Acne, a cutaneous disorder of multifactorial origin, is a disease whose cause and severity depend on the relationship between hormones, keratinization, sebum and bacteria. The objectives of acne therapy usually include controlling acne lesions, preventing scarring and minimizing morbidity (Russell 2000; Zaenglein 2008).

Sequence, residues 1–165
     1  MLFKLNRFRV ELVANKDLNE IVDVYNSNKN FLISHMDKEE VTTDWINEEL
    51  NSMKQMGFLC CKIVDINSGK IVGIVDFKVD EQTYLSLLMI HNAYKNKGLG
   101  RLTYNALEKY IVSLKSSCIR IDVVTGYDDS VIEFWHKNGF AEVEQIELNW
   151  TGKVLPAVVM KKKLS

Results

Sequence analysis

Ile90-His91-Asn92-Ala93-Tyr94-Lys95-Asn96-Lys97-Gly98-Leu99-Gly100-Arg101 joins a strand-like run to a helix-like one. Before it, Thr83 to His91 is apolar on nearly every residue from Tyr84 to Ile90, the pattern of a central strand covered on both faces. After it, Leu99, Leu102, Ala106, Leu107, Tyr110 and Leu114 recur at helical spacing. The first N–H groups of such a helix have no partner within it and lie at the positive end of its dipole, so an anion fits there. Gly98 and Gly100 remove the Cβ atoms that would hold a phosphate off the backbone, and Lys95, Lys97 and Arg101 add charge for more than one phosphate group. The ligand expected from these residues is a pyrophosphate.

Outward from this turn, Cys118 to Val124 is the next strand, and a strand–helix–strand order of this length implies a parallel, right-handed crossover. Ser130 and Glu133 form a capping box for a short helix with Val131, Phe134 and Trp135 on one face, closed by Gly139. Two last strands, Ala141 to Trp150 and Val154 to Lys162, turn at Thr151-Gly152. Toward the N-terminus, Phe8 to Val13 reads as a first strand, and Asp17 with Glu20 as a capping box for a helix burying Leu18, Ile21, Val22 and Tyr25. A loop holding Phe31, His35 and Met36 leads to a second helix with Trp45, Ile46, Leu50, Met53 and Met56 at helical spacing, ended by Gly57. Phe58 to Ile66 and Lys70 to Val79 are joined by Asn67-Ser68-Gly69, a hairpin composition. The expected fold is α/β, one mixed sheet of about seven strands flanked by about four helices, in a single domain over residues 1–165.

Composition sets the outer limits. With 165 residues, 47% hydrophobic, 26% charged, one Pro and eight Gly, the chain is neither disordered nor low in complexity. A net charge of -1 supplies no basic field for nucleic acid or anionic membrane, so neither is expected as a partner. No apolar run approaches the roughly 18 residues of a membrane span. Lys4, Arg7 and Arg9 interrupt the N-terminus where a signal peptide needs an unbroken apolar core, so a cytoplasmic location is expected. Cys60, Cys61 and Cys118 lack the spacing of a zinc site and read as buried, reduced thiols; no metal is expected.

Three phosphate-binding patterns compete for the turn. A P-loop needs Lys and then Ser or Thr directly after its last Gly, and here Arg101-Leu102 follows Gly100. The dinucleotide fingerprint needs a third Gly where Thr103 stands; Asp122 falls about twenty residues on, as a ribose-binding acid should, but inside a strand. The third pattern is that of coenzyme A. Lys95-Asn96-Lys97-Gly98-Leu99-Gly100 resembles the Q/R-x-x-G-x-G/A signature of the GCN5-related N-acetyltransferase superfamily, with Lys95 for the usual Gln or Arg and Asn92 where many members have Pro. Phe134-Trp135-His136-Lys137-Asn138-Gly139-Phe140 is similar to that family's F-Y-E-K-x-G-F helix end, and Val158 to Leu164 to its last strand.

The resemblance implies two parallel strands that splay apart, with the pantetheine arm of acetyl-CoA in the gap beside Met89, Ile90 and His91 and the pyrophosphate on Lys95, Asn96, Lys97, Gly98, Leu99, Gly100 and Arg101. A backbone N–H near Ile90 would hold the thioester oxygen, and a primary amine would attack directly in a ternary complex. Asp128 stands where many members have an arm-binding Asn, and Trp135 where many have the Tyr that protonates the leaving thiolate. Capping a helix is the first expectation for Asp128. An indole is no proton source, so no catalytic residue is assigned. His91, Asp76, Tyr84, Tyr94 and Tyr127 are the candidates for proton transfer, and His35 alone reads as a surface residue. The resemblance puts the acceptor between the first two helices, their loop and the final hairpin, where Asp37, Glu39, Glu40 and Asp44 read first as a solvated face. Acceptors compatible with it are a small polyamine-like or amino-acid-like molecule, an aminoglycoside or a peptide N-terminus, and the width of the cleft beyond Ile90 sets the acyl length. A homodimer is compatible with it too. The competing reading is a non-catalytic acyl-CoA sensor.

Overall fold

Isotretinoin (ITTN), a derivative of retinoic acid (13-cis-retinoic acid), is the most effective compound with potential to suppress acne over the long term (Zaenglein 2008; Patel et al. 2011a). It appears to derive its effectiveness from increased production of the antimicrobial protein neutrophil gelatinase-associated lipocalin in the skin reducing sebum levels and in turn reducing levels of Propionibacterium acnes (P. acnes). An ongoing trial in patients with antibiotic-resistant P. acnes indicates that ITTN is highly effective; treatment of P. acnes may well become a new indication for this drug (Zaenglein 2008). So, ITTN, reducing the growth of P.acnes in a secondary manner, was selected for further study. However despite these interesting features, extremely low solubility limits ITTN incorporation into an acceptable vehicle and its tolerability results in either discontinuation of treatment or poor compliance in patients (Zaenglein 2008; Patel et al. 2011a). Therefore, it is prudent to improve the topical delivery and reduce adverse effects of ITTN using an appropriate carrier having the desired skin-targeting properties that may reduce the adverse reactions substantially and improve users’ compliance to the novel regimen.